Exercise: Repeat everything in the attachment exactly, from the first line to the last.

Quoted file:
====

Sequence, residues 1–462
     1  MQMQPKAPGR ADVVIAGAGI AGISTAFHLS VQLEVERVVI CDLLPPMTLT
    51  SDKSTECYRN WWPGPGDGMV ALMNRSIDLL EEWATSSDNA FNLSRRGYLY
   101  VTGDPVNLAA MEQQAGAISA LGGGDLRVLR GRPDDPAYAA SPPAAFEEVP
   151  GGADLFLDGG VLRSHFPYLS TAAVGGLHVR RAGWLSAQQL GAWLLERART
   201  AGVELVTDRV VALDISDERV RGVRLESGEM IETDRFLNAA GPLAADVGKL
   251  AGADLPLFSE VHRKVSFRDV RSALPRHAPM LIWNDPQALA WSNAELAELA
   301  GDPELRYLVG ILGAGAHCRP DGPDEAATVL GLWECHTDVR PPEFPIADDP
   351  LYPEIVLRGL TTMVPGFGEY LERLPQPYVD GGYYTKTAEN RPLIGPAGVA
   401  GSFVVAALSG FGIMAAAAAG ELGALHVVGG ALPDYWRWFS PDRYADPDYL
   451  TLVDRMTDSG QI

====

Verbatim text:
Sequence, residues 1–462
     1  MQMQPKAPGR ADVVIAGAGI AGISTAFHLS VQLEVERVVI CDLLPPMTLT
    51  SDKSTECYRN WWPGPGDGMV ALMNRSIDLL EEWATSSDNA FNLSRRGYLY
   101  VTGDPVNLAA MEQQAGAISA LGGGDLRVLR GRPDDPAYAA SPPAAFEEVP
   151  GGADLFLDGG VLRSHFPYLS TAAVGGLHVR RAGWLSAQQL GAWLLERART
   201  AGVELVTDRV VALDISDERV RGVRLESGEM IETDRFLNAA GPLAADVGKL
   251  AGADLPLFSE VHRKVSFRDV RSALPRHAPM LIWNDPQALA WSNAELAELA
   301  GDPELRYLVG ILGAGAHCRP DGPDEAATVL GLWECHTDVR PPEFPIADDP
   351  LYPEIVLRGL TTMVPGFGEY LERLPQPYVD GGYYTKTAEN RPLIGPAGVA
   401  GSFVVAALSG FGIMAAAAAG ELGALHVVGG ALPDYWRWFS PDRYADPDYL
   451  TLVDRMTDSG QI